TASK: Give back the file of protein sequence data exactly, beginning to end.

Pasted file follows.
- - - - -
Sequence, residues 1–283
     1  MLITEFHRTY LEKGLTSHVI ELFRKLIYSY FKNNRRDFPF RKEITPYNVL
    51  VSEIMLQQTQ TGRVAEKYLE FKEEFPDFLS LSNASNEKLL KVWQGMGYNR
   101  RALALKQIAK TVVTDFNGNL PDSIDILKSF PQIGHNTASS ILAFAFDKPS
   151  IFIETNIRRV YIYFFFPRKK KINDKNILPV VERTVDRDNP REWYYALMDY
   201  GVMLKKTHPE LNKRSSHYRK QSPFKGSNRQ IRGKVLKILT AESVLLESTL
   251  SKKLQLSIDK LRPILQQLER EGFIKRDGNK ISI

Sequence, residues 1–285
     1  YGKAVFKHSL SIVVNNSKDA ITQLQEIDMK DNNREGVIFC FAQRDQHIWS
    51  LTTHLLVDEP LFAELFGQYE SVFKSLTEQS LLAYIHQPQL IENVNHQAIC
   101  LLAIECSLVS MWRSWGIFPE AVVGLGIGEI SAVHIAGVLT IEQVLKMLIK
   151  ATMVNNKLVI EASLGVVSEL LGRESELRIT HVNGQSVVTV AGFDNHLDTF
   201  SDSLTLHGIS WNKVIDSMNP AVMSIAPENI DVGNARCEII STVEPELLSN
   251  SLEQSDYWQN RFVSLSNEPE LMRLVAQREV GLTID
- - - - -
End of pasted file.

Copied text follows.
Sequence, residues 1–283
     1  MLITEFHRTY LEKGLTSHVI ELFRKLIYSY FKNNRRDFPF RKEITPYNVL
    51  VSEIMLQQTQ TGRVAEKYLE FKEEFPDFLS LSNASNEKLL KVWQGMGYNR
   101  RALALKQIAK TVVTDFNGNL PDSIDILKSF PQIGHNTASS ILAFAFDKPS
   151  IFIETNIRRV YIYFFFPRKK KINDKNILPV VERTVDRDNP REWYYALMDY
   201  GVMLKKTHPE LNKRSSHYRK QSPFKGSNRQ IRGKVLKILT AESVLLESTL
   251  SKKLQLSIDK LRPILQQLER EGFIKRDGNK ISI

Sequence, residues 1–285
     1  YGKAVFKHSL SIVVNNSKDA ITQLQEIDMK DNNREGVIFC FAQRDQHIWS
    51  LTTHLLVDEP LFAELFGQYE SVFKSLTEQS LLAYIHQPQL IENVNHQAIC
   101  LLAIECSLVS MWRSWGIFPE AVVGLGIGEI SAVHIAGVLT IEQVLKMLIK
   151  ATMVNNKLVI EASLGVVSEL LGRESELRIT HVNGQSVVTV AGFDNHLDTF
   201  SDSLTLHGIS WNKVIDSMNP AVMSIAPENI DVGNARCEII STVEPELLSN
   251  SLEQSDYWQN RFVSLSNEPE LMRLVAQREV GLTID